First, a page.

14th International Conference on Cold Fusion (ICCF-14)

Venue: Hyatt Regency Washington on Capitol Hill

Location: Washington, Washington DC, United States

Event Date/Time: Aug 10, 2008 End Date/Time: Aug 15, 2008
Early Registration Date: Jul 11, 2008
Abstract Submission Date: Jun 06, 2008
Paper Submission Date: Sep 30, 2008
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The ICCF conferences, which began in 1990, have been held with a three continent rotation: North America, Europe and Asia. It is the primary venue for the international community of involved and interested scientists to give and critique papers that describe what was done and found. The papers are then published in the proceedings of the conference.

The field of this conference was called cold fusion at the announcement of its discovery during a press conference by Martin Fleischmann and Stanley Pons on 23 March 1989. The term cold fusion was already in use to describe muon-catalyzed fusion, an understood physical mechanism in which fusion of two deuterons occurs at relatively high rates in the presence of muons. Deuterium is the mass two isotope of hydrogen. In 1989, the term "cold", as used for the new and mysterious effect, was meant to apply to deuteron fusion at ordinary temperatures, and to contrast with known fusion processes at high temperatures in plasmas, which have temperatures far in excess of one million degrees K.

As time passed during the 1990s, processes other than fusion of two deuterons were reported. These transmutation reactions involved and produced isotopes of nuclei with moderate and high atomic weights, that is, they are nuclear reactions not involving only two light nuclei, such as fusion. Because of this, and to emphasize their viewpoints, some researchers in the field sought other names for the effect announced by Fleischmann and Pons. These names include Low Energy Nuclear Reactions (LENR), Chemically Assisted Nuclear Reactions (CANR), Lattice Assisted Nuclear Reactions (LANR), Cold Nuclear Transmutations, Cold Fusion Nuclear Reactions and New Hydrogen Energy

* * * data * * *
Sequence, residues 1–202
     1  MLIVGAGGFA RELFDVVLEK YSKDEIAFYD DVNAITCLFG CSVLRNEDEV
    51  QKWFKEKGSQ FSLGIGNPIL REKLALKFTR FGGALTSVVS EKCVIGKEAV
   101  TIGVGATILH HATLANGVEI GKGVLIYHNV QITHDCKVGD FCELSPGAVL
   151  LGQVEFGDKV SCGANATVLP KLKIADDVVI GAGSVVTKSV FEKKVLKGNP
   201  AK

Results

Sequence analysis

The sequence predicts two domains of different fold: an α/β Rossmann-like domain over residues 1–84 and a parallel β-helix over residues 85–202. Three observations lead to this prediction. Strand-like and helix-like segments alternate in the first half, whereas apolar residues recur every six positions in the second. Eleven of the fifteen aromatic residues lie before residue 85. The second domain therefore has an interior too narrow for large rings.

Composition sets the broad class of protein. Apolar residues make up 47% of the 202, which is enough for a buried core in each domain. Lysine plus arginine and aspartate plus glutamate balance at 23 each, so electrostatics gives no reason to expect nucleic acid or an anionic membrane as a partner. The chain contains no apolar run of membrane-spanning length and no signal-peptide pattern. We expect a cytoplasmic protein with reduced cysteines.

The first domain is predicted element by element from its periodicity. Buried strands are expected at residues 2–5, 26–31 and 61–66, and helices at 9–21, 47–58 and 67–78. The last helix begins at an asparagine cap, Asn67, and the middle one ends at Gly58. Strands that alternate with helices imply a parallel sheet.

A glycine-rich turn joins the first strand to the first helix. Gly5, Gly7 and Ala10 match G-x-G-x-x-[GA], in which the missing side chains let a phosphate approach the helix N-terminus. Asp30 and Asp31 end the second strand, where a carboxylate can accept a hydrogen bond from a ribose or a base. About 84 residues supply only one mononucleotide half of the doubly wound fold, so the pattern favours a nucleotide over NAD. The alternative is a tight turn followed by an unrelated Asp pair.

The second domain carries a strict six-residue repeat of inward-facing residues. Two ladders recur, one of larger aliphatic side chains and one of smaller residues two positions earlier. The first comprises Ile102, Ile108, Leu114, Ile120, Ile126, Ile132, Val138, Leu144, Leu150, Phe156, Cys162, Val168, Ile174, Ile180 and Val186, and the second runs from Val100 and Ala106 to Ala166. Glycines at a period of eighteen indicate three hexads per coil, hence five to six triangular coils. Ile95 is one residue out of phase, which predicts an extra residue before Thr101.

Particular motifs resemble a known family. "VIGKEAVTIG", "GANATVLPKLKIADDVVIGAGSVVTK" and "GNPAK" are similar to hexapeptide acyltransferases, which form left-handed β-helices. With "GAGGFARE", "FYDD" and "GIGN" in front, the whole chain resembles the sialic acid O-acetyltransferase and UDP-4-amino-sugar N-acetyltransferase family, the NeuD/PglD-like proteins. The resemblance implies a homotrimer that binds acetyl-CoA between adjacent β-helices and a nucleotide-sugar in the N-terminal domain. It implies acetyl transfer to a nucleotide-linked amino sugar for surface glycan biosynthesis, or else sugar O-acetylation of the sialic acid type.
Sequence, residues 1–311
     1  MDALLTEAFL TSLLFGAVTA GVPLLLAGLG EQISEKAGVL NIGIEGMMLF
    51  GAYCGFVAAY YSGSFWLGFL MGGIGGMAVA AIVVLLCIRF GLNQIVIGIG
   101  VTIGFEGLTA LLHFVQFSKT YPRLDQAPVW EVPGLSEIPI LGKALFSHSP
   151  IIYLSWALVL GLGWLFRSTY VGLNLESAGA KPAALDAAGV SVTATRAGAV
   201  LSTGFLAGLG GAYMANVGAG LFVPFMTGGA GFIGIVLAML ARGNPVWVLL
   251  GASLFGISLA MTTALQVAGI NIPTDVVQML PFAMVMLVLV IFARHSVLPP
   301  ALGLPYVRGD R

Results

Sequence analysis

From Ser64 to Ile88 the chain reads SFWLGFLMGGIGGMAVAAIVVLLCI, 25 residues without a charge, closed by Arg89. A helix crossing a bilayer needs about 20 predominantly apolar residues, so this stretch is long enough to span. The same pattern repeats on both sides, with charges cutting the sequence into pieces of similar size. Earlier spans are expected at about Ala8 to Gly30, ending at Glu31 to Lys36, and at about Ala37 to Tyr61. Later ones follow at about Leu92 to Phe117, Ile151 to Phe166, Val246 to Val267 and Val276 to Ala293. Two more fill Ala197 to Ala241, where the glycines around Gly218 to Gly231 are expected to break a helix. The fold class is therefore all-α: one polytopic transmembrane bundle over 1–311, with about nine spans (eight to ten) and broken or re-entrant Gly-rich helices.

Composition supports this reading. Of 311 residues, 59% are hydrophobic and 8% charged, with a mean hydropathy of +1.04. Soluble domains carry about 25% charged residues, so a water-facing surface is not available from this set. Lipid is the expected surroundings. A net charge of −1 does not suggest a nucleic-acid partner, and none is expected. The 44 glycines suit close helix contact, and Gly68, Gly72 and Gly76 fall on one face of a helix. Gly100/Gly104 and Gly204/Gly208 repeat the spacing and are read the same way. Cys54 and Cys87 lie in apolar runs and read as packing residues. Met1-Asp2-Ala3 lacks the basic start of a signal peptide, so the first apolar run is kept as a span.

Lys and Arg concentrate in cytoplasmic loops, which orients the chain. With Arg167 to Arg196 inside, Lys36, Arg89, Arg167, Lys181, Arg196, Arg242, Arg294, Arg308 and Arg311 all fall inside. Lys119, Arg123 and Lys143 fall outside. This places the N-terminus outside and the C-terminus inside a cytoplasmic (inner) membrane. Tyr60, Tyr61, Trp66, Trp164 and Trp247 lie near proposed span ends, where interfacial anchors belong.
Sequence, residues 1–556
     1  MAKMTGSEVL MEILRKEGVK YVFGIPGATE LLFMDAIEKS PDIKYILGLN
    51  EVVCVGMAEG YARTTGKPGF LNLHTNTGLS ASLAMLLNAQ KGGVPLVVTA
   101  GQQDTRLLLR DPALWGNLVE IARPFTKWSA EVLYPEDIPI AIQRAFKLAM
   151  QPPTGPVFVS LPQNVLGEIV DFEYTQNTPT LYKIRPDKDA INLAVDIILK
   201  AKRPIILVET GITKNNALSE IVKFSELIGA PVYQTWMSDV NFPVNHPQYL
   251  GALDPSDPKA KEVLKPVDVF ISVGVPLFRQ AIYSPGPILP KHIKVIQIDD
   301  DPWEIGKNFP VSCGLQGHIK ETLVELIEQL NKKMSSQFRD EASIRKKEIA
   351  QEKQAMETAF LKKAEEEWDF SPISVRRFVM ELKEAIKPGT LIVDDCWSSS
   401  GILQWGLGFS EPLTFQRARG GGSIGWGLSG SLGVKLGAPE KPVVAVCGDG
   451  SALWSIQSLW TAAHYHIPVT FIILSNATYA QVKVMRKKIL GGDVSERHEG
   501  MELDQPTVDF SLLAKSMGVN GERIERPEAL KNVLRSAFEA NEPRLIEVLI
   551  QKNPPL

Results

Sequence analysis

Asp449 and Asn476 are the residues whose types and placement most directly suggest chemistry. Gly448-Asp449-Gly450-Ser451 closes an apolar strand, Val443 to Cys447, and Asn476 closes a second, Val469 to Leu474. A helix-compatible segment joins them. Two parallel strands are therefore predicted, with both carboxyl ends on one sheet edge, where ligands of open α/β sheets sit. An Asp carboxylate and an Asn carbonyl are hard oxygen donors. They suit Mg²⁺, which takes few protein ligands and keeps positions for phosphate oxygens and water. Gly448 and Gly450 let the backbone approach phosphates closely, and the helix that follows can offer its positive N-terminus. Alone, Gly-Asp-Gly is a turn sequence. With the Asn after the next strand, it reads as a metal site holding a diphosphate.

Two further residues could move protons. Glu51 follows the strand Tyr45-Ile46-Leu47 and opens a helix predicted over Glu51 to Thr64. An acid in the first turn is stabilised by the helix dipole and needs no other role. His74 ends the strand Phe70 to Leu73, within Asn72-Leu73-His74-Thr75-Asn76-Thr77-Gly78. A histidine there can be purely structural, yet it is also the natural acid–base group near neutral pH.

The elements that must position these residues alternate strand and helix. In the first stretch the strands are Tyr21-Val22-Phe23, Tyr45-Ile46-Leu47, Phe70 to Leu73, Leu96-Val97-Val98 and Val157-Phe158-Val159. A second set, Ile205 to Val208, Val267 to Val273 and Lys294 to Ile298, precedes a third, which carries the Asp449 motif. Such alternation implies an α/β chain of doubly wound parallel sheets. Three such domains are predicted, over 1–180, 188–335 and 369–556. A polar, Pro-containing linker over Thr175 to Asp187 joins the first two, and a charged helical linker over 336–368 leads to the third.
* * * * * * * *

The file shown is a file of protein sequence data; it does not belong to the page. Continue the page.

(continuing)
None of these names has gained universal acceptance. In the minds of some workers in the field, they suffer from various shortcomings. For example, "cold" and "low" are relative terms without precise meanings. The variety, and indeed confusion, over terminology is also promoted by the lack of a clear understanding of the basic mechanism (or mechanisms) active in this field. The overall terminology situation was not aided by the foundation of a software company called Cold Fusion, which often shows up in computer searches.

In 2002, a new and broader name was introduced, namely "Condensed Matter Nuclear Science" (CMNS). “Condensed matter” is a term, which has been employed by the American Physical Society for a few decades to embrace the characteristics and mechanisms of both solids and liquids. CMNS was meant to focus on the science of nuclear effects in systems involving solids (always) and liquids (often). It is an appropriate description for the current and continuing science of the field, but will fail to embrace anticipated engineering work based on that science. The International Society for Condensed Matter Nuclear Science was founded in the U. K. in 2003. It remains the primary intellectual scientific society for the field.

At present, given all the problems with the name of the field, many people are simply and clearly referring to the mechanism(s) active in the experiments that followed from the 1989 announcement as the "Fleischmann-Pons Effect" (FPE). That effect is the production of heat and other products in a deuterium-in-metal system under unusual circumstances of very high densities of hydrogen or deuterium. The amount of heat produced per reaction can be 1000 times the energy released per known chemical reaction. The power densities (measured in watts per cubic centimeter of the metal) occasionally exceed those from fission nuclear power systems. Associated with this heat in many experiments is the production of helium-4 at levels that account for the heat, if each atom of helium is associated with about 24 million electron volts of energy. Small amounts of tritium, the mass three isotope of hydrogen, plus other nuclei, energetic particles and photons, and low energy quanta, such as infrared radiation, have been reported for many experiments.


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